New to the forum. Trying to make sense of life so thought i would share my experiences in the hope it might help other struggling with bereavement.
Last month i lost my wonderful partner. She had pulmonary fibrosis so I knew that at some stage I would maybe have to deal with the grief of losing her. Just didnt expect it to be so sudden and imagined we still had many happy years to spend together. Instead she went into hospital with what we thought was just another chest infection but never came home. I watched her go rapidly downhill over a ten day period and the look of fear in her eyes will haunt me forever.
Ann was a wonderful woman with a huge heart and welcomed me into her life at a time when I had previously struggled for three years after losing my wife of 33 years also to illness.
You would think that having gone through this before it would be easier to deal with the grief but thats not the case. I’m struggling to do just the normal everyday things.
I think a big part of the problem is how family and friends just seem to disappear. Plenty of support at the outset but they stop calling or messaging one by one. Just like the first time.
From experience what i would say to anyone struggling with the loss of a partner is that whilst you never really get over it (why would you want to anyway) you will learn how to move forward with your life. There will be days when you feel almost normal but the next day you are back to square one again. Thankfully those days happen less often.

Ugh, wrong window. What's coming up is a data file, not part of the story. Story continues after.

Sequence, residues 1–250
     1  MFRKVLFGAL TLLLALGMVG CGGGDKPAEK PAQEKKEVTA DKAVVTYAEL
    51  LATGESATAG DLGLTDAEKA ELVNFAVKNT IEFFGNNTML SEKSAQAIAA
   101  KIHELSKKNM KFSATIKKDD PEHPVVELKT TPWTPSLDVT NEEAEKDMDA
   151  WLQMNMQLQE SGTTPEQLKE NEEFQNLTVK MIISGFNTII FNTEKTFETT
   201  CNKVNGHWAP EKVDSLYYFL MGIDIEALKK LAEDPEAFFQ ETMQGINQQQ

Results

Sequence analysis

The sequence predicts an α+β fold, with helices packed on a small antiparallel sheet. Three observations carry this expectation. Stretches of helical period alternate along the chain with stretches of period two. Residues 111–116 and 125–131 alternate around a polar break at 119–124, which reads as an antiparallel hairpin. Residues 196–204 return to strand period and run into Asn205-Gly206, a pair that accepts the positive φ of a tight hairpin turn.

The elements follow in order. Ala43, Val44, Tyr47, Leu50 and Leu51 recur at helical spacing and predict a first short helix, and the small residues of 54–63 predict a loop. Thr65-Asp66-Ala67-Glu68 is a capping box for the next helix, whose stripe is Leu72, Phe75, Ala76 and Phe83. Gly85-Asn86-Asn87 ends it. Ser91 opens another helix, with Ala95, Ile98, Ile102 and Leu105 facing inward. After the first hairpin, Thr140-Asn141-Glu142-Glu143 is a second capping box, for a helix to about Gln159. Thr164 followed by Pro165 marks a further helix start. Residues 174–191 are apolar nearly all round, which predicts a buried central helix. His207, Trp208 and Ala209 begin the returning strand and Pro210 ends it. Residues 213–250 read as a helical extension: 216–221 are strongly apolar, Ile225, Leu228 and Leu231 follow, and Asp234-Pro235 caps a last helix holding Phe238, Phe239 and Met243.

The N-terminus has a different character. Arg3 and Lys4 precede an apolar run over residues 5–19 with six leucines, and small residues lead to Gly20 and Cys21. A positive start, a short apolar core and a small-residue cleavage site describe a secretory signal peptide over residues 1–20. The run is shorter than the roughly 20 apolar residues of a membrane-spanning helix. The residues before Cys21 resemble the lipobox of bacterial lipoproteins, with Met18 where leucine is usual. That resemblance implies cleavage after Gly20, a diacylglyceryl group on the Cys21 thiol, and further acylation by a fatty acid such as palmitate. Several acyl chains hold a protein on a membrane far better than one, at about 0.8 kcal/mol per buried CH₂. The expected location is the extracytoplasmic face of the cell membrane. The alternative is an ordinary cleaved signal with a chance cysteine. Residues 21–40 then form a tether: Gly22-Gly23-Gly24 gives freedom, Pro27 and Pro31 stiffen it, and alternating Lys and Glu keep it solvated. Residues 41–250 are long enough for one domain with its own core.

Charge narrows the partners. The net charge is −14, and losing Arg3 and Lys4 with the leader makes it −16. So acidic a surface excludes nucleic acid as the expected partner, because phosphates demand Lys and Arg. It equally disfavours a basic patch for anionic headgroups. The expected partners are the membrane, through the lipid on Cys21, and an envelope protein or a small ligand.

Hang on in there.
Taking time out of your own grieving to support and comfort others shows your strength of character. I’m so sorry this is your 2nd experience of losing a loved partner. I think grief is relevant to the person you are grieving for so even though you have experienced it before, it’s also very individual and personal to that relationship you had with that person.
I hope you eventually find peace with all this grief you are having to deal with, it’s a horrible journey and I think we all wonder why me? But double the blow is mind-blowing.
Thank you so much. Its appreciated.
I think death challenges us to become better people. If you think for a minute about our loved one’s who have passed there is no doubt they are now at peace. No stress, no worries, no more illness, no more troubles. We should be relieved they are no longer having to face all the issues that life brings. Death releases them but ties us up in all kinds of emotions to do with OUR attachments, our wants, our needs, our loneliness and the list goes on but learning to let go and only allowing the love to flow and our bond to continue beyond death is the greatest challenge we face. We are all still here for a reason and we need to follow our path until we are released. Everyone has to die so death shows us how to live until our time comes